Planning a Balanced Menu

If you are frequent reader of The Nosher, chances are you like to cook. And not only do you like to cook, but you probably also like hosting. I bet you may even be hosting Shabbat dinner tonight.

A lot goes into hosting a meal and even though we stress about who is going be there and what the table looks like, ultimately the most important part of the meal is, of course, the food.

Making good menus is a work of art. It means everything is tasty and goes well together, but it also means there is balance. You could make corn chowder, tilapia filets, and mashed potatoes that all taste phenomenal, but your plate will be white and your body unappeased.

There are so many ways to think about how to create a complete and wholesome meal. As Jews our menus tend to reflect both the calendar (traditional holiday foods) and our ancestry (matzah ball soup for the Russian Jews and borekas for the Turkish Jews–lucky me, I get both!). The Chinese have a Five Phase model; in Ecuador lunch is always preceded by a soup course and dinner is usually instant coffee; the macrobiotic diet looks at food as expansive and contractive; many people follow the Indian balance concepts of Ayurveda. The Western media typically just labels foods as “good for you” or “bad for you.”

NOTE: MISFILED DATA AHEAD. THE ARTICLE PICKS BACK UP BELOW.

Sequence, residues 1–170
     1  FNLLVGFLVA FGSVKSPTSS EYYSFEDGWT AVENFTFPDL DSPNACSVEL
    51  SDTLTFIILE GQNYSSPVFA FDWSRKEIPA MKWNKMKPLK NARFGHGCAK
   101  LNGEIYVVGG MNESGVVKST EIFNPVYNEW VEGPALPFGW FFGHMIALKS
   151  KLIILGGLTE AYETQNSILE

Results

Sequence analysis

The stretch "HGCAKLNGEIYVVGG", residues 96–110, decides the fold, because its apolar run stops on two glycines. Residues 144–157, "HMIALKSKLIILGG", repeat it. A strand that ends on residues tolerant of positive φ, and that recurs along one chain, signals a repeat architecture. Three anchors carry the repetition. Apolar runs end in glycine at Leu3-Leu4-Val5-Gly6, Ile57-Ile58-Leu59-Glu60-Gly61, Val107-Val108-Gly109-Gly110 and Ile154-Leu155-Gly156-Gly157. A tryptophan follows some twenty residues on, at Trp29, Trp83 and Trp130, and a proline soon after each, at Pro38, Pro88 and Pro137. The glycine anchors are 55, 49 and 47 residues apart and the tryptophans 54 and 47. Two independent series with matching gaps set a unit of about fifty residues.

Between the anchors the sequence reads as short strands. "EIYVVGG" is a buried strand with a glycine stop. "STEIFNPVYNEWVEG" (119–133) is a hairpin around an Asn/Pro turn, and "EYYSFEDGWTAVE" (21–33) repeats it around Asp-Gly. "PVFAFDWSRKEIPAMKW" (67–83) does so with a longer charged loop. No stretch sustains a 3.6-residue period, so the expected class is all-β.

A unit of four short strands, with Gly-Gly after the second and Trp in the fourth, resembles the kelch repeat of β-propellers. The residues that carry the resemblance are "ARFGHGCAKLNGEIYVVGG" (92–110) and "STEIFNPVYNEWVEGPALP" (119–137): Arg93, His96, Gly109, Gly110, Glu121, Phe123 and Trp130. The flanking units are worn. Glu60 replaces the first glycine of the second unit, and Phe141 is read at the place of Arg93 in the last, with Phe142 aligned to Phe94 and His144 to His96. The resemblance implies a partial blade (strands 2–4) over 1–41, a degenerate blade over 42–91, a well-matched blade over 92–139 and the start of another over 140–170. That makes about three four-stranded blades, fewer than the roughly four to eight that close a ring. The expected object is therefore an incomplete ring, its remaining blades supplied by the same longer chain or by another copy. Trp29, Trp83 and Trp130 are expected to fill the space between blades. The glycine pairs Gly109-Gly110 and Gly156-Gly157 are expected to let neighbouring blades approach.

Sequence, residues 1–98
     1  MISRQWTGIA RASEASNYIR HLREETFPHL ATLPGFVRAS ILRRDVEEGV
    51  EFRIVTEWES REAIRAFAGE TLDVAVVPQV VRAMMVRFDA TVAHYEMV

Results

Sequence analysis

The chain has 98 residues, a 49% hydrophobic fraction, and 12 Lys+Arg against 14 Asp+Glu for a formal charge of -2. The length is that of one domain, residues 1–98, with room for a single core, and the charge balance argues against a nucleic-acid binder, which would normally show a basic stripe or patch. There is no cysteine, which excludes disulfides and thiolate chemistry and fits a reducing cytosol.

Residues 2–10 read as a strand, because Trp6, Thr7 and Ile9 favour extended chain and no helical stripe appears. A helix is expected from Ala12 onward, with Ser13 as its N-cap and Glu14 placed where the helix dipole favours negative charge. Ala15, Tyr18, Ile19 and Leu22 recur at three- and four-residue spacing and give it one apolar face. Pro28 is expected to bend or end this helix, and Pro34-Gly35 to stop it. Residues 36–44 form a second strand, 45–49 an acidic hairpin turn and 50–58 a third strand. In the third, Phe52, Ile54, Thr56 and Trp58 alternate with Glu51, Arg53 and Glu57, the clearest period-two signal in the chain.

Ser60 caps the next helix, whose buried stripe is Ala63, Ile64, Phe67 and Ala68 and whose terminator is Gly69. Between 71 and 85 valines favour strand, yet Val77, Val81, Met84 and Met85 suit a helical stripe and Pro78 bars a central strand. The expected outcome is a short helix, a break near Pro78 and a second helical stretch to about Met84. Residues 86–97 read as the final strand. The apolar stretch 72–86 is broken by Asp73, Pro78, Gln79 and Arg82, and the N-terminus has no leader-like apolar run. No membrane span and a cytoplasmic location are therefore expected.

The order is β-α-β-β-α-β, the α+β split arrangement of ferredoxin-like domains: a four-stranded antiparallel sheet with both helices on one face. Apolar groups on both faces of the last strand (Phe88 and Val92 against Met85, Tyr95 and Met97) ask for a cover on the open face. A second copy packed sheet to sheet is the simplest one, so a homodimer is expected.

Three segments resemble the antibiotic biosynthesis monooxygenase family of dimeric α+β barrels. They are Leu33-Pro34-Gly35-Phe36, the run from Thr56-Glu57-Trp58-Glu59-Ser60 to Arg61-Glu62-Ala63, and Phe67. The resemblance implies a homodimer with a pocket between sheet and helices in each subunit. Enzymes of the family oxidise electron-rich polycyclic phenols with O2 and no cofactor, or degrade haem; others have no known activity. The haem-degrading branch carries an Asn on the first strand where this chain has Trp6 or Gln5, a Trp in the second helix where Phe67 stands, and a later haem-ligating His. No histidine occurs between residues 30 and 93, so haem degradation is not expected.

Over the next couple of weeks, I will be posting a few simple checks and balances to help you make delicious and balanced menus for you Shabbat dinner tables and normal weekday eating.

Keep on Noshing

The Best Jewish Cookbooks to Give as a Wedding Gift

From fresh Israeli cuisine to classic brisket, this list covers it all.

Pomegranate and Honey Glazed Chicken

Pomegranates, or rimonim in Hebrew, are one of the most recognizable and highly symbolic fruits in Jewish culture.

The Best Jewish Food in Philadelphia

Bagels, pretzels, upscale Israeli food, and so much more.